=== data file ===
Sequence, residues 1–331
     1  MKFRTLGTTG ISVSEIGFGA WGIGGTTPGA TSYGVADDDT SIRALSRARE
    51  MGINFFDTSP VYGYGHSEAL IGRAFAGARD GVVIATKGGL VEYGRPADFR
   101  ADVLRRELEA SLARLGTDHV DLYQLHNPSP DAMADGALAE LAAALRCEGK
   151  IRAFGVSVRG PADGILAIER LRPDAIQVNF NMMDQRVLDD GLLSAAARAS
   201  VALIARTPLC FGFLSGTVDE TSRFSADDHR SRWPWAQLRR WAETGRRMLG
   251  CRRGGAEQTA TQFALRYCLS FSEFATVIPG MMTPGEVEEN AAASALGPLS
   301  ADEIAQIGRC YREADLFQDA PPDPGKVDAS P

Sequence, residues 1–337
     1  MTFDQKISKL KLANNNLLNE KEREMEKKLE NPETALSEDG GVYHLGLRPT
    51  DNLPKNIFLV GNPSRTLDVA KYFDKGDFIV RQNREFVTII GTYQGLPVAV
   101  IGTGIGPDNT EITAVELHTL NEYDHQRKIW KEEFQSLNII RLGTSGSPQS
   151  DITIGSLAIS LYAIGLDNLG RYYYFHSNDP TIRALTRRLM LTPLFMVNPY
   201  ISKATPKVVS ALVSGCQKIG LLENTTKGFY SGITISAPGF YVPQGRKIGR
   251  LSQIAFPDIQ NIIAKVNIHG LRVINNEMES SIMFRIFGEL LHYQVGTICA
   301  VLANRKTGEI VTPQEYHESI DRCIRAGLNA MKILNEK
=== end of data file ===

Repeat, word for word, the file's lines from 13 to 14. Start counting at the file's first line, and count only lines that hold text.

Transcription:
   151  DITIGSLAIS LYAIGLDNLG RYYYFHSNDP TIRALTRRLM LTPLFMVNPY
   201  ISKATPKVVS ALVSGCQKIG LLENTTKGFY SGITISAPGF YVPQGRKIGR